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AT&T CEO sees no change to iPhone competitive dynamics

Randall Stephenson also calls T-Mobile a "diminishing asset" and is pushing to speed along the Justice Department trial while keeping the door open for a settlement.

AT&T CEO Randall Stephenson at Mobile World Congress 2011. Stephen Shankland/CNET

The emergence of one--or even two--additional carriers selling the iPhone shouldn't change the competitive dynamics for AT&T, according to the company's chief executive.

"Anytime there's another competitor launching Apple's hit device, the expectations for what would happen to the carrier that had it before is overblown," AT&T Chief Executive Randall Stephenson told investors today during a conference hosted by Goldman Sachs. "The competitive dynamic will be no different than the last time."

AT&T faces the prospect of not one, but potentially two rivals selling the next version of the iPhone. The carrier has withstood Verizon Wireless getting the iPhone earlier this year well, having continued to add a high number of iPhone and smartphone customers even in the face of new competition. But Sprint Nextel could potentially get the iPhone as well, and this time, all the carriers would be getting the same phone at the same time.

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Stephenson reiterated the advantages of AT&T's iPhone, touting its faster network connection and ability to go around the world. It's unclear if those advantages will carry over to the next iPhone, with Verizon Chief Financial Officer Fran Shammo saying its next iPhone will also be a global device.

Verizon Chief Executive Lowell McAdam was at the Goldman conference yesterday, when he downplayed the threat of Sprint possibly getting the iPhone. Unlike Verizon and AT&T, Sprint might offer an iPhone with a truly unlimited data plan.

While he wouldn't himself confirm when the next iPhone would come out, he joked that former Vice President Al Gore had confirmed the device for next month. Gore, an influential member of Apple's board, yesterday plugged the new iPhones at a conference in South Africa.

If the iPhone were to come out in October, he said to expect a huge fourth quarter, which is typically already strong because of the holiday shopping season.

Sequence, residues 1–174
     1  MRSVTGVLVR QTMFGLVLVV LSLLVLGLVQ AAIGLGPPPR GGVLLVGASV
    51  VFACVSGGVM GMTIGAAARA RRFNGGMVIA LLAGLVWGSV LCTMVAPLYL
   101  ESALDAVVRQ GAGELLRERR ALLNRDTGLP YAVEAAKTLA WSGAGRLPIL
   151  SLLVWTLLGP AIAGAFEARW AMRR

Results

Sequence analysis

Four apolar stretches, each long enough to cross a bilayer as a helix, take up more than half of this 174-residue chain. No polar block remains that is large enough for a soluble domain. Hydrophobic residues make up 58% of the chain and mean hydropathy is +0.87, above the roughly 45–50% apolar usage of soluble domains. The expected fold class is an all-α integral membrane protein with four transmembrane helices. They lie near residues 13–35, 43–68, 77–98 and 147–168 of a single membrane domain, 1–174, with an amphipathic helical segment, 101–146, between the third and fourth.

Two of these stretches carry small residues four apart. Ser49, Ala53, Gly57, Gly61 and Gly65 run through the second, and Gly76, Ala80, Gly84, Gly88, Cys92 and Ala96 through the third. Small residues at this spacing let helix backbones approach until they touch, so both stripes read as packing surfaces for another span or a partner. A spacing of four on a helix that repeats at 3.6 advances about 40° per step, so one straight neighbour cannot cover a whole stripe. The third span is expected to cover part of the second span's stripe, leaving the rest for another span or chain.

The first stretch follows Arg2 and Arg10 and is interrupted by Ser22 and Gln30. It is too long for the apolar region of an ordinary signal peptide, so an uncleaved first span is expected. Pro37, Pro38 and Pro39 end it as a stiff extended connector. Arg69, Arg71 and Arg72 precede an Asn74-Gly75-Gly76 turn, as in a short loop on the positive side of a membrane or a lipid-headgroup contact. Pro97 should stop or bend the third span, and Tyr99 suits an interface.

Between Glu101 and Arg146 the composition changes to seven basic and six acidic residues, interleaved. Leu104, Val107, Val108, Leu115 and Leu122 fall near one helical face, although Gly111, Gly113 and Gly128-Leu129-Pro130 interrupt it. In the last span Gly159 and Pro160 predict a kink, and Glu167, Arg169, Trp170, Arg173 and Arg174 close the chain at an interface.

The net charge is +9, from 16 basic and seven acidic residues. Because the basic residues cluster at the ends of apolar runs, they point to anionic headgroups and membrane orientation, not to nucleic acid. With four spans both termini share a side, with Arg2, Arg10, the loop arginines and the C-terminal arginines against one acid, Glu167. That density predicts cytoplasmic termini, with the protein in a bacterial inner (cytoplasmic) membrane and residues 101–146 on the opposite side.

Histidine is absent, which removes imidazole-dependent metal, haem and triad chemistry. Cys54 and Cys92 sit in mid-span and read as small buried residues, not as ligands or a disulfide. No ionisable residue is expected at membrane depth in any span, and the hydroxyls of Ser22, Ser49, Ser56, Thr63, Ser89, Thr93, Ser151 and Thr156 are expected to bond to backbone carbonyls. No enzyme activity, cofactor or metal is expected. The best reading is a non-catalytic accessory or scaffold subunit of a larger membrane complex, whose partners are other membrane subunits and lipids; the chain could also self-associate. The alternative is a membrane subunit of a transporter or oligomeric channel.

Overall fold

Pushing for the T-Mobile deal
While the competitive dynamics remain unchanged, Stephenson said they also remain tough in his justification for approving the company's acquisition of T-Mobile USA.

The U.S. Justice Department, alongside several state attorney generals and two carriers, have sued to block the deal, citing concerns over a concentration of power and the potential for increased prices.

Stephenson reiterated the company's move to run on two tracks: the first is through litigation and a second that is focused on a possible settlement. He made the case for moving through both processes as quickly as possible.

"(T-Mobile) is a diminishing asset and we need to move things along," Stephenson said.

He said AT&T was prepared to litigate aggressively, but was hopeful a resolution could be reached before the Feb. 13 trial date. He declined to speculate on when AT&T could come to a resolution with the Justice Department.

AT&T has argued that the merger would ease the company's spectrum constraints and enable the company to provide wireless broadband access to more people in the country. Opponents have argued that taking out the low-cost competitor would hurt consumer choice and lead to higher prices.

Stephenson, however, said he believes pricing for new products and services will likely drop down the line. That's particularly the case for new connected products in the home or in the car, where the typical $25 data plan likely won't cut it. Stephenson said the market will have to look at the $5 to $20 threshold as a new rate for emerging data devices, but said this would likely happen over the next three to five years.

"There will be someone who makes this move," he said. "When they do, the dam will break and everyone will get in."

While that business would provide a tremendous amount of growth, it would provide some rockiness to the industry's ability to generate strong revenue per user in the short term.

In addition, the industry will move to a more data-centric plan, even for handsets, as more services are delivered through the Internet connection as opposed to the traditional wireless voice network, Stephenson said.

"It'll be a different composition," he said.

Smartphones, however, continue to be the bread-and-butter business for AT&T, driving growth in revenue and profits for the company. Apple and Google's Android platform "are running hot," Stephenson said, but he expects at least another operating system will compete for a strong third position.

With Microsoft being a large software developer, he said he sees the company with a significant role in the smartphone business. Research in Motion, which makes the BlackBerry smartphones, also has a lot of resources. He said both companies will make a run of it.

AT&T is often seen as a leading indicator of jobs because its enterprise business relies upon a higher headcount for more business. The company surprised analyst early this year by warning of continued weakness in the business area, a prediction that has held true so far.

Businesses haven't shown any signs of accelerating their hiring, indicating the jobs picture still looks weak, Stephenson said. He added that 2012 would look similar to this year.

"We do not anticipate any meaningful acceleration of growth," he said.